Plan 2: Reporter profiles
Another way to deal with the credibility and bias of individual reporter is to give each reporter a "profile" and/or a "feedback" page. This would be in addition to traditional Wikimedia user pages, and would serve as a place for others to compile evaluations of a reporter's work and information about their background. This page will be easilly accessible from any story to which the reporter has contributed, and will allow the interested reader to learn about the source of their news.
This way, we don't pretend that individual reporters are unbiased and that every reporter is credible. Instead, we put everything in the open, and give our readers the ability to evaluate for themselves.
This could be implemented in place of accreditation or in addition to it, and would serve a useful purpose in either case.
Phase 1 will require no changes to the software. Stories will be worked on in a "Workspace:" namespace. Once they are ready to be published, they will be tagged with a "Category:Ready for publication". These stories will then undergo systematic review for another period of time, in which the editors try to find consensus.
If there is consensus, Wikinews reporters will manually update the Main Page (or a separate page for less important stories) with the latest stories in the different categories, as soon as the stories are published. After publication, stories will be protected, and edits will be made only for updates.
Phase 2 will require a special kind of macro to dynamically show the first paragraph of the n latest articles in a category. This will make it possible to have the Main Page and other news overview pages updated automatically based on the content of the categories. It will also make it easy to maintain separate pages for minor stories which do not show up on the Main Page. RSS feeds for this would be nice, but are not necessary.
The act of tagging an article with a category will be equivalent to publishing it.
Phase 3 will use Wikiflow to move articles from one stage into the next: As soon as there is consensus, an article will flow into the published state, which will be evaluated by the category feed system described above, and can also be used to generate standard headers for articles which are not yet published ("This article is a work in progress ...."). Wikiflow will also soften page protection and thereby reduce the dependency on sysops to make minor updates.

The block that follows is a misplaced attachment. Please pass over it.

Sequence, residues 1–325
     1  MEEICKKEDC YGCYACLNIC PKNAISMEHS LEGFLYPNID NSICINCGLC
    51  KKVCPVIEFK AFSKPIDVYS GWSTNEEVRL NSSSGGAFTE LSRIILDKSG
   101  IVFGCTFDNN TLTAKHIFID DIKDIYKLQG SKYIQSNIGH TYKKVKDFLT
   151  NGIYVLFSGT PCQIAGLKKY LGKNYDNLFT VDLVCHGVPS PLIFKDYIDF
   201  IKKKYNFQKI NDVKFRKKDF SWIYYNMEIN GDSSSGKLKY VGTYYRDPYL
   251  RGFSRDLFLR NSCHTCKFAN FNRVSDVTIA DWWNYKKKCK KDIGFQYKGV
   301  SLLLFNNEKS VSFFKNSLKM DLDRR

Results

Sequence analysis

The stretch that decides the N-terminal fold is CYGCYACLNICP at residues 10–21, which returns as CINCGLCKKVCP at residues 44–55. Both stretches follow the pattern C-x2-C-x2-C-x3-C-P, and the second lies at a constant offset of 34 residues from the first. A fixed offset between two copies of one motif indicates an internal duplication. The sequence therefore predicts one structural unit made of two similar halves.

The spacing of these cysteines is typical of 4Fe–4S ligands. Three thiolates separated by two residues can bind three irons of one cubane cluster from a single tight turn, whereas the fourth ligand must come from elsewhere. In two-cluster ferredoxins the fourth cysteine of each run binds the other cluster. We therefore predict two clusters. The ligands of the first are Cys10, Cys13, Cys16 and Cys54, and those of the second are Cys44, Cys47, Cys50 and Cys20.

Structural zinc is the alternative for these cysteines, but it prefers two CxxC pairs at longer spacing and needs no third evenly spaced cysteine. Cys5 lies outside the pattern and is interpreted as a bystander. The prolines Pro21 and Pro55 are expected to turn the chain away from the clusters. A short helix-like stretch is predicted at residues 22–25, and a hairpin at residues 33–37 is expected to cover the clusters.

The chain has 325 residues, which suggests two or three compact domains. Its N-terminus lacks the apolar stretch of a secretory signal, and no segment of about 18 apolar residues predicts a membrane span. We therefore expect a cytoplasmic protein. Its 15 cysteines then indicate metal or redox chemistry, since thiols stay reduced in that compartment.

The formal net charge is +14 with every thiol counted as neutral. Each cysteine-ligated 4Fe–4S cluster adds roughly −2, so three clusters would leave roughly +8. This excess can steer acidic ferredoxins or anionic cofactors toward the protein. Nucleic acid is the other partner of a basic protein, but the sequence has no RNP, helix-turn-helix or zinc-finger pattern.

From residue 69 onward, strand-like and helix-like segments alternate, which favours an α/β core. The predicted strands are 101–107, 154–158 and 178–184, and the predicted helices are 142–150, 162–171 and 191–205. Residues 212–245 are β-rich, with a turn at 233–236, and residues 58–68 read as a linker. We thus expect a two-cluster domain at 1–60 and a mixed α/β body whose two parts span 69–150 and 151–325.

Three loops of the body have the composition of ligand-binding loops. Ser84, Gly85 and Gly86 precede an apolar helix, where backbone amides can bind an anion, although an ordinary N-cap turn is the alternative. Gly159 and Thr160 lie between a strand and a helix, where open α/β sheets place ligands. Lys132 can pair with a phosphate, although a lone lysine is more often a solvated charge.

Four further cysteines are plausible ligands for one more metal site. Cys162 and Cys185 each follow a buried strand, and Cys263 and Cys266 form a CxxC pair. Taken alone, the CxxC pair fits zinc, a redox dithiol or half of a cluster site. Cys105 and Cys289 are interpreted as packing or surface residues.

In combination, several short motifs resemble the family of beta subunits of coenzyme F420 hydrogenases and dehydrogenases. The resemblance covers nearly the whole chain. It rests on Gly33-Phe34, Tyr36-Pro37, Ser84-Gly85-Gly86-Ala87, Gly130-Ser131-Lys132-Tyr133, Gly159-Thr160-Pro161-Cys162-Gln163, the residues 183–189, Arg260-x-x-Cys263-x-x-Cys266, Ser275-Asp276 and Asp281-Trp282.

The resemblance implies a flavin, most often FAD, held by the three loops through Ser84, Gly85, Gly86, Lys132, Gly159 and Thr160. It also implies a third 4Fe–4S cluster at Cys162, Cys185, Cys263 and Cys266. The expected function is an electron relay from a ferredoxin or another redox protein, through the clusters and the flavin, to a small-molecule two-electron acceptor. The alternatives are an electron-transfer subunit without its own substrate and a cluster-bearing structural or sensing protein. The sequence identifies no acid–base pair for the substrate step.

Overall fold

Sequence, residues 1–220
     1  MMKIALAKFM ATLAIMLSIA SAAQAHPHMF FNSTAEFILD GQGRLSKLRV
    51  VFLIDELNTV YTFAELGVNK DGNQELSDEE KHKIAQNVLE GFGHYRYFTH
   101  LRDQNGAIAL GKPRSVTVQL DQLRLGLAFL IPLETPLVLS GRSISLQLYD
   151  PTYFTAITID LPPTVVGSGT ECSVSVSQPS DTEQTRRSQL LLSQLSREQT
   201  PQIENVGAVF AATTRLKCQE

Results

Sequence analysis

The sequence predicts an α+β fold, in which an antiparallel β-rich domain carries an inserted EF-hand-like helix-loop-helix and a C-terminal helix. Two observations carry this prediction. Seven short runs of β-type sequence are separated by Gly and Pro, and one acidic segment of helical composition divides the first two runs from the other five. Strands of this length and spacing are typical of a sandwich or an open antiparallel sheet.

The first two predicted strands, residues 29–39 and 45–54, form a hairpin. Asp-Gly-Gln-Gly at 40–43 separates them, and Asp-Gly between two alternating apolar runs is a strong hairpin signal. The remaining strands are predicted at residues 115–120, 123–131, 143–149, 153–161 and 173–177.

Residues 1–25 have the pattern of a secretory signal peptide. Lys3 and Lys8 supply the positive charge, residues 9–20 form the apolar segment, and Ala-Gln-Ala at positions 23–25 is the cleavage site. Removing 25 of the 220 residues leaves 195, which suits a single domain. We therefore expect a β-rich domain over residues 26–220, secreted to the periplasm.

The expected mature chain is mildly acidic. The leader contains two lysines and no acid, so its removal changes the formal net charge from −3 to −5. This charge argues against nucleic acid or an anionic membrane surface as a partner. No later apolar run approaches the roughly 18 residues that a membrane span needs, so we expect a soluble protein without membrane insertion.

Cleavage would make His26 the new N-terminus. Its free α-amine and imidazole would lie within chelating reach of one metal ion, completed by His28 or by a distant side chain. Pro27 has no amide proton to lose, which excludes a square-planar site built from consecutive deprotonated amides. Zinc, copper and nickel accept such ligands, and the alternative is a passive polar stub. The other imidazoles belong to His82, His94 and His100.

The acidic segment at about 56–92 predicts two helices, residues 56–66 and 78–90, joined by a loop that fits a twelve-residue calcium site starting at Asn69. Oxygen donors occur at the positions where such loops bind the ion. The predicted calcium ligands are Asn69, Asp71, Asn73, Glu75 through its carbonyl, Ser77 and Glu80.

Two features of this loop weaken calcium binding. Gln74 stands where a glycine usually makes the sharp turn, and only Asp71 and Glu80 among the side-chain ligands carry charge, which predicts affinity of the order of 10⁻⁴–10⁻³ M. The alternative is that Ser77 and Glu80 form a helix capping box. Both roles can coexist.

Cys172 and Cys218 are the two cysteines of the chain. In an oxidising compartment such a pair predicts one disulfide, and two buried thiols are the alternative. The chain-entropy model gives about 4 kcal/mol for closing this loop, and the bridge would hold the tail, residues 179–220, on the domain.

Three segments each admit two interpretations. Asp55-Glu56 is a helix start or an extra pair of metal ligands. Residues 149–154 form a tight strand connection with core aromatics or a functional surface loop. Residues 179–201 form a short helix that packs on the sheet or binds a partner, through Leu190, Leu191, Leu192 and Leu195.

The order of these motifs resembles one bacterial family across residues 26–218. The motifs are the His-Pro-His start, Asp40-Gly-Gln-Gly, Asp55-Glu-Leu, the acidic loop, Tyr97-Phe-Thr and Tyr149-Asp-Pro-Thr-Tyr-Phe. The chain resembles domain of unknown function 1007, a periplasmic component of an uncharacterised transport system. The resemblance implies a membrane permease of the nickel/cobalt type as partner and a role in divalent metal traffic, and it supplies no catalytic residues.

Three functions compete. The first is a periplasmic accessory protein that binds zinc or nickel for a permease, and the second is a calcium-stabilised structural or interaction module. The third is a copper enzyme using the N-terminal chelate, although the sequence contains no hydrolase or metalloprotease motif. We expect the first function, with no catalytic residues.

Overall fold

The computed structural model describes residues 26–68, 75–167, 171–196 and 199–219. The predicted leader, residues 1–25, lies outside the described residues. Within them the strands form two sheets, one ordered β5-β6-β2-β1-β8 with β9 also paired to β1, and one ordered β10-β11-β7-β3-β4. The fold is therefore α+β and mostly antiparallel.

Content transclusion from and to Wikipedia and other Wikimedia wikis would be desirable in this stage.
We should evaluate how other "citizen journalism" or grassroots journalism efforts have formed, and to learn from their successes and mistakes.
Some people claim that Indymedia is clearly a political advocacy site, just as some claim that Wikipedia is a political advocacy site. Others point out that No it is not. It is a news site that happens to have many a supporter and writer with a political leaning to the left. Many would be somewhat affronted by the assertion that it is a 'political advocacy site'. That the exposition of the truth tends to give strength to 'left wing' points of view only means that said left wing point of view does tend to be based on accurate observations. Editorial teams highlight stories and write syntheses in a similar way to that of wikipedia and wikinews, but with a strong local, non-internet, face-to-face component. Some people view this local, non-internet participation as leading to a leftist point of view, and suggest that the majority of story posters come from that political persuasion. All indymedia collectives are local and autonomous: some have a policy similar to the neutral point of view, others do not. However, most (but not all) local indymedia collectives encourage passion in the style of reporting used, even while encouraging a synthesis of a wide variety of points of views and links (URLs) to different points of views on what happened and on the context. Moreover, Indymedia is a great source of original text, audio, photo and video reports on current events (even though many newswires contain a lot of spam). This is a potential venue of cooperation between the two projects.
Please, let's make this worthwhile
I wasn't sure about the best place to make this comment, so here's a link to the place I chose. Please read and comment there: http://demo.wikinews.org/wiki/Wikinews%3ADemo_feedback#Please.2C_let.27s_make_this_worthwhile (this link is dead)